LAST week, I had the privilege of speaking to a group of high school seniors about personal budgeting, credit and identity theft as part of Bank of Guam’s “Get Smart About Credit” program. Prior to making the presentation – of which I primarily wanted to do on budgeting – I pondered what I was going to present, as my assumption was that the students would have some grasp of the topics. Was I surprised!
To make the presentation interesting, I asked the students to list the items and services they would need to live independently. After listing an apartment, a vehicle, utilities, insurance, food and gasoline, I then asked them to put together another list of things they wanted. This included a cell phone, Internet access, an Xbox, and additional cash for dining out and entertainment. After both lists were completed, I then asked the students to plug in the amounts they believed they would have to have monthly for each item; and this is where it got interesting for them.
After realizing how much they would have to fork out on a monthly basis just to meet the monthly payments on their needs list, many of the students openly wondered how they would be able to afford many of the things they had on their want list. One student even remarked, “What do you mean I can’t have the Xbox?” What the students saw that morning was that while living under mom and dad’s roof, there’s a cost to everything they’ve been provided and that there are consequences when a choice is made to get a want over a need.
While I hope that the students were able to learn a little bit in the short time I was with them, I came away with the thought that maybe our high schools should include a mandatory block of instruction on personal financing and budgeting. I’m sure that it can be included as part of a math or civics course.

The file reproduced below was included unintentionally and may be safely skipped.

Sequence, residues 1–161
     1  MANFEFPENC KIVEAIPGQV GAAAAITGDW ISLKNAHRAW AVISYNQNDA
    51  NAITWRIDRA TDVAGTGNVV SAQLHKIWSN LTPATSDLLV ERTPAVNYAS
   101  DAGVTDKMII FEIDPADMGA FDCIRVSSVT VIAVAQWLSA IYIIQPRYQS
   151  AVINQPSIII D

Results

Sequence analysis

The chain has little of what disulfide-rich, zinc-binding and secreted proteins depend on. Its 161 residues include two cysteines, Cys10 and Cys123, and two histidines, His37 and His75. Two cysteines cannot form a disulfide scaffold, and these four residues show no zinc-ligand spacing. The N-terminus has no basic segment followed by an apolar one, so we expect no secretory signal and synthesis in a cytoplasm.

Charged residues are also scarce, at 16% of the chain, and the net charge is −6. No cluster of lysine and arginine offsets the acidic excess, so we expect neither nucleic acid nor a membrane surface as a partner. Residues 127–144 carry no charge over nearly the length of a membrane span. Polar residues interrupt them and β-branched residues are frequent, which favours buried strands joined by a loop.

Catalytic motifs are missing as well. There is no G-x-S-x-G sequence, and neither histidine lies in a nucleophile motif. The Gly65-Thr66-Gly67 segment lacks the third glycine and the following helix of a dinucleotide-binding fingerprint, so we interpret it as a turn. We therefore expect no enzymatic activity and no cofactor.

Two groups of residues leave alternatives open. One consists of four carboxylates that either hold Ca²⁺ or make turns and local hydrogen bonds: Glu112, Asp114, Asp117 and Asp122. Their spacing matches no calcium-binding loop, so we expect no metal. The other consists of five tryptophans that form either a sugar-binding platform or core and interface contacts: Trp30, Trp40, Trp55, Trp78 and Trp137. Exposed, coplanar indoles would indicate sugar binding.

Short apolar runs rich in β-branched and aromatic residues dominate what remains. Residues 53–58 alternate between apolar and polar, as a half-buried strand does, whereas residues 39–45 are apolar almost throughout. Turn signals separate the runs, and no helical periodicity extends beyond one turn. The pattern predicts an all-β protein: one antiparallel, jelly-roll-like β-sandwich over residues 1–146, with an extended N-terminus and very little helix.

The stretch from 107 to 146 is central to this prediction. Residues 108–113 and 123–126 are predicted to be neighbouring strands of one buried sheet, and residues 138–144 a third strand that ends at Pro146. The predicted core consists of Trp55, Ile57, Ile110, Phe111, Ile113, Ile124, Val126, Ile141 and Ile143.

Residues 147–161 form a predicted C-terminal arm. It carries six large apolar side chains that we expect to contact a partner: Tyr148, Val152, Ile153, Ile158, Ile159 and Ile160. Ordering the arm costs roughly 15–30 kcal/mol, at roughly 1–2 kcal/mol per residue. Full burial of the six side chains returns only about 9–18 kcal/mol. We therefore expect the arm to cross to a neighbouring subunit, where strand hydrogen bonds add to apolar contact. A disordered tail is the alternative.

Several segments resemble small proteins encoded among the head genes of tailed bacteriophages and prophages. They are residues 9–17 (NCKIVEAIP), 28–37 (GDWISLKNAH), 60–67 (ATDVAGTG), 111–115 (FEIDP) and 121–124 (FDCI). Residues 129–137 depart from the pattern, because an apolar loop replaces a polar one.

Over the weekend, I was told of a family intervention brought on by the lack of attention parents were giving to their children because of their busy lifestyles. What started as a mother’s anger over her teenage son’s disrespectful behavior evolved into a revelation of the son’s frustration over the lack of quality time his parents spend with him and his younger siblings. While the boy acknowledged that his parents were spending a lot to send he and his siblings to a private school and allow them to go places and get things, his parents knew nothing about who he was or what his interests were. When asked if his family regularly sat together at the dinner table, the son replied ‘yes,’ but his mom was always either on her cell phone or texting, and his father was always reading his emails on his laptop. The father didn’t even know that his son knew how to play the guitar.
So why did I go from talking to high school seniors about personal financing to a family intervention due to the lack of quality time? Because one is just as important as the other.
While it is imperative to strive and ensure that we live within our means and provide for the necessities and the desires of our family, it is just as essential that we are attentive to their personal, emotional and spiritual needs. In today’s fast-paced life, we often find that it is easier and less time consuming to rely on fastfood and high-tech gadgets to seemingly please those we are responsible for. But when we begin to replace quality time and meaningful conversations with the ease and convenience brought on by buying things, we blur the difference between what we need and what we want.
So tonight, make a simple dinner that all can enjoy and have a conversation around the table. The memories you’ll create will be worth more than what you can ever buy.